The second, a women’s casual collection, uses a new process (for which the company is applying for a patent) to attach the midsole and outsole without the use of glues. Retail prices for the lines will be between $75 and $90, a little lower than the standard prices for the brand’s existing casual styles. Price points, McGeough said, matter: “We’re still in business.” [For more on The North Face’s new constructions, click here.]



Going Green to Save Green

In fact, the bottom line is the best reason to pursue green initiatives in a down market, according to some sustainability-minded companies.

Bill Dodge, GM for Patagonia Footwear, said that eliminating waste in the product creation cycle is both good for green initiatives and for profitability.

He noted that sales of Patagonia were up 18 percent so far for 2009, both domestically and internationally. “The reality of the marketplace is that you have to be as efficient as you possibly can,” Dodge said. “Looking at the entire process and doing our best to be extremely efficient allows us to reduce costs without scrimping on our environmental efforts.”

For retail co-op REI, going green has been directly tied to the bottom line for years — and that’s kept the retailer going.

“The current economic times have created an environment where if you haven’t started to figure out the business benefits of doing something, it’ll be hard to keep going,” said Kevin Hagen, corporate social responsibility manager for the Sumner, Wash.-based company. “But if you have, it’s time to do a lot more of it.”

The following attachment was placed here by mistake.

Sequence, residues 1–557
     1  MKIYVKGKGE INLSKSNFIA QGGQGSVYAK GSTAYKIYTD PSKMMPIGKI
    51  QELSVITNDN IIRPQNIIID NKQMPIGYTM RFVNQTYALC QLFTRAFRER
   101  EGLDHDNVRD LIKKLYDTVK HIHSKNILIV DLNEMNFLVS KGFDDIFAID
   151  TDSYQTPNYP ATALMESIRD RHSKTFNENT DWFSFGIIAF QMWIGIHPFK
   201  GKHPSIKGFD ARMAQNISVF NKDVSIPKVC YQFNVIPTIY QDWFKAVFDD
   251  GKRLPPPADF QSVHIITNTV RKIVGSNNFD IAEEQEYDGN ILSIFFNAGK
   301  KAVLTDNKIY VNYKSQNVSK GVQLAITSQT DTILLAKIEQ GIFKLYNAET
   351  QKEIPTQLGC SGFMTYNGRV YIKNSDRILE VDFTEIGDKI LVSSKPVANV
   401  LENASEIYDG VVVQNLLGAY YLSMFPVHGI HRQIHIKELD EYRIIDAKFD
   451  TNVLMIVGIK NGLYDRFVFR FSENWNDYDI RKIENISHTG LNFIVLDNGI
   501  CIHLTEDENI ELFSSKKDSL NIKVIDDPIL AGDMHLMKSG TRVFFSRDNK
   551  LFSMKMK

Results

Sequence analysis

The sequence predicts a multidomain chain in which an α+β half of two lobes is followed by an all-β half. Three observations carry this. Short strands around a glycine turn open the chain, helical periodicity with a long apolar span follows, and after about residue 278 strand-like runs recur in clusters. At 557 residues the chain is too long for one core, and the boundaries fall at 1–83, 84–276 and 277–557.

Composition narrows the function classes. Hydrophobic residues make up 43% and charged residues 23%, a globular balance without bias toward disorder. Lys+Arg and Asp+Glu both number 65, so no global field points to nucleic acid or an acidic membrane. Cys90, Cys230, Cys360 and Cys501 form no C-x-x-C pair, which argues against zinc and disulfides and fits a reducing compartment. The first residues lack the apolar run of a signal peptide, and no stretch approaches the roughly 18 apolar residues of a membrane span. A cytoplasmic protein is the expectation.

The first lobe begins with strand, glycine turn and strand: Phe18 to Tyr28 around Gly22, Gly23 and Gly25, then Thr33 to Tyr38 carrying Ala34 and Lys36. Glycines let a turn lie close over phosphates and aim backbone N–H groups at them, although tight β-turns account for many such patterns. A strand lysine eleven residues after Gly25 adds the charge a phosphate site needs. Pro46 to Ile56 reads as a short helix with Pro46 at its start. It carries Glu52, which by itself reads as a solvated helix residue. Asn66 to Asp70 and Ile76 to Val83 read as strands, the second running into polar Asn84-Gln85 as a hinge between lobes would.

At REI, being conscious of energy use, as well as other waste-eliminating activities across its retail locations, has translated into savings.

“We’re actually putting money in the bank, or at least avoiding costs,” Hagen said.

And it has paid off: The retailer handed out $72.7 million last year in a direct dividend payment — its largest ever, despite (or because of) its ever-growing commitment to green initiatives.

Already this year, REI has opened three new stores, with two more slated for fall, and green buildouts (using recycled materials, solar water heaters and energy-efficient systems) will make the stores affordable. “Operating costs are a big deal, so lower operating costs are a big deal,” Hagen said.



Taking the Long View

Many brands predicted that sustainability will only become more important down the road, which is why they’re busy implementing new initiatives.

Hagen said REI’s work to understand its climate impact has put the company in a stronger position to adapt to new regulations from the Obama administration.

And Jim Weber, CEO of Bothell, Wash.-based Brooks Sports Inc., said green product will be more important to his company’s shoppers going forward, which means developing product now. “You can’t build for a season,” he said.

In that vein, Brooks will unveil a lightweight shoe in spring ’10 that pushes its green initiatives to new limits with more sustainable ingredients. Calling the shoe a “key way to communicate to runners,” Weber said, “We think runners are going to care [about the environment], and this shoe will be a huge way to talk to them about it.”

Richard Polk, owner of Boulder, Colo.-based Pedestrian Shops, agreed that customers in the future would come to expect green features. “It’s just like comfort,” he said. “There was a point in time when comfort was a category, but now, who would make a shoe that wasn’t comfortable? The same thing is eventually going to happen with green. People are just going to manufacture things as responsibly as they can.”

New Balance CEO Rob DeMartini told FN that as more brands jump into the green arena, the cost of doing business there continues to shrink. “As more of the industry moves in that direction, the [price] premiums [on green materials] will decline,” he said.